Secondly, my advocacy as a professional and personal development has increased my knowledge and passion on global needs in early childhood education. I am more determined to advocate for policy changes and mandates that promote early child education. I understand the issues and trends of the early childhood education as well as what is taking place currently in different parts of the world. The interconnections among the economics, neurosciences and politics will assist me as I strive to be the needed voice for parents and children globally.

Lastly, as a professional I must be in tuned to cultural awareness and intended and unintended consequences at all times. Our culture is the way we think and behave. It encompasses lifestyles, ways of living together, value systems, traditions and beliefs globally. Culture is dynamic, changing through interconnections with other cultures and adapting to different environments. Attitudes change through teaching and respecting culture awareness. Cultures are not always connected to nationality. For example, wealthy young people in different countries connecting through social media may have more in common with each other than they do with poor or older people in their own country. Generally, we are so comfortable with our own culture and so consider what we do as ‘normal’ that we may not be aware of our biases, prejudices and inconsistencies.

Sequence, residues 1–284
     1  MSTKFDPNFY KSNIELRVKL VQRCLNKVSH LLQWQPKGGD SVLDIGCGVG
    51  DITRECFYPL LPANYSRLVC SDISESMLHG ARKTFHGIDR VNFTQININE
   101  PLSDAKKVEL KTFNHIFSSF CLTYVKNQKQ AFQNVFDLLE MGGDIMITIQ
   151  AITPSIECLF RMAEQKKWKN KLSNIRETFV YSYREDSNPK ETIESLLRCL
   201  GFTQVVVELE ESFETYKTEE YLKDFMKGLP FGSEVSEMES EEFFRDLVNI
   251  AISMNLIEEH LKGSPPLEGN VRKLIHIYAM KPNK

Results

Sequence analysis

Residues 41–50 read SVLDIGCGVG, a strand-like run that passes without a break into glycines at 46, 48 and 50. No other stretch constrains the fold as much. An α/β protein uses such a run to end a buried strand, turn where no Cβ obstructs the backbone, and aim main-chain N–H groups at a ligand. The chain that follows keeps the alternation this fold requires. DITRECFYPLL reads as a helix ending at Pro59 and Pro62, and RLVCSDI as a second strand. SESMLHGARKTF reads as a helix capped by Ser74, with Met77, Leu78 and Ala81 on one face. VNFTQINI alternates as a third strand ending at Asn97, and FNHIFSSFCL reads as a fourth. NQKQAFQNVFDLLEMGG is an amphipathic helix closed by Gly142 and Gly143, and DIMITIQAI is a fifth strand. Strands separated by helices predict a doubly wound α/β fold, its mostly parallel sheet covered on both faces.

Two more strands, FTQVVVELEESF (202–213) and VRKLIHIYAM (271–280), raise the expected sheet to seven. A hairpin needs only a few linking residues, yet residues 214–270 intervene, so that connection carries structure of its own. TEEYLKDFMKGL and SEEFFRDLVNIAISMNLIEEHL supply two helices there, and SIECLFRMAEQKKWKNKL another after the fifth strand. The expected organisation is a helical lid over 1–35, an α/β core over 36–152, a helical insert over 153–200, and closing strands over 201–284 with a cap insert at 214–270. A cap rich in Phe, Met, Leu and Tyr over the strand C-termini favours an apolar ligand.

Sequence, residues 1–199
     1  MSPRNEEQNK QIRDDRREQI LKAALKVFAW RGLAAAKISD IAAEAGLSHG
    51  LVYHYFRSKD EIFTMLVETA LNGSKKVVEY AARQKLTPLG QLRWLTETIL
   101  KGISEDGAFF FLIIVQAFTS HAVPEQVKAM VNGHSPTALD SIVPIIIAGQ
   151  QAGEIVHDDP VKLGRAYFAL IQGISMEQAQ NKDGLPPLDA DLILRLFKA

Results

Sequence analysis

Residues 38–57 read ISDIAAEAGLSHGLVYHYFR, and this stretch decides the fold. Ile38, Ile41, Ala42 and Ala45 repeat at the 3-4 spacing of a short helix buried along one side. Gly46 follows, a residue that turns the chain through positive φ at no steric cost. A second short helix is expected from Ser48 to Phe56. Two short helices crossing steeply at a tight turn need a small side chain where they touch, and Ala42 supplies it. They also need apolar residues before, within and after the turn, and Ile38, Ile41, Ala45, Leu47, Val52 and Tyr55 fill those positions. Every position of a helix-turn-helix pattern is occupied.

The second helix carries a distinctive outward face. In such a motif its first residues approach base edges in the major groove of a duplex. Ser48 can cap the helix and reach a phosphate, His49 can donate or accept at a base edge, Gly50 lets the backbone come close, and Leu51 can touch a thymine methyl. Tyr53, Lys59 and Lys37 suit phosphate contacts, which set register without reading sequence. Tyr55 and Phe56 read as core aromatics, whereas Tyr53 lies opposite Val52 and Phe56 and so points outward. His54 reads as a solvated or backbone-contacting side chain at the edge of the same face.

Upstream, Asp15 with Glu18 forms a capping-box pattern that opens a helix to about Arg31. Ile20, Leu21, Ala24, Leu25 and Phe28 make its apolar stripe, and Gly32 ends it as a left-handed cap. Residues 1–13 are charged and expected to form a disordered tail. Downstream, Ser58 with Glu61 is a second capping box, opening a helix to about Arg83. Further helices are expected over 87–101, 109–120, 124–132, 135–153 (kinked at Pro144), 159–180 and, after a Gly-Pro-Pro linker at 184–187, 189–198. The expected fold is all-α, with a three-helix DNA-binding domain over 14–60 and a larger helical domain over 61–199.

My professional goal for early childhood education is the continuance of a dedicated advocate to use my professionalism to be a voice for parents and children, promoting a quality and effective education for ALL children globally.

References:

http://www.globaleducation.edu.au/global-issues/gi-cultural-diversity.html

Laureate Education. (2010). “Economists, Scientists, and Politicians Supporting the EC Field.”

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Getting to know your international contacts-Part 3

Jess,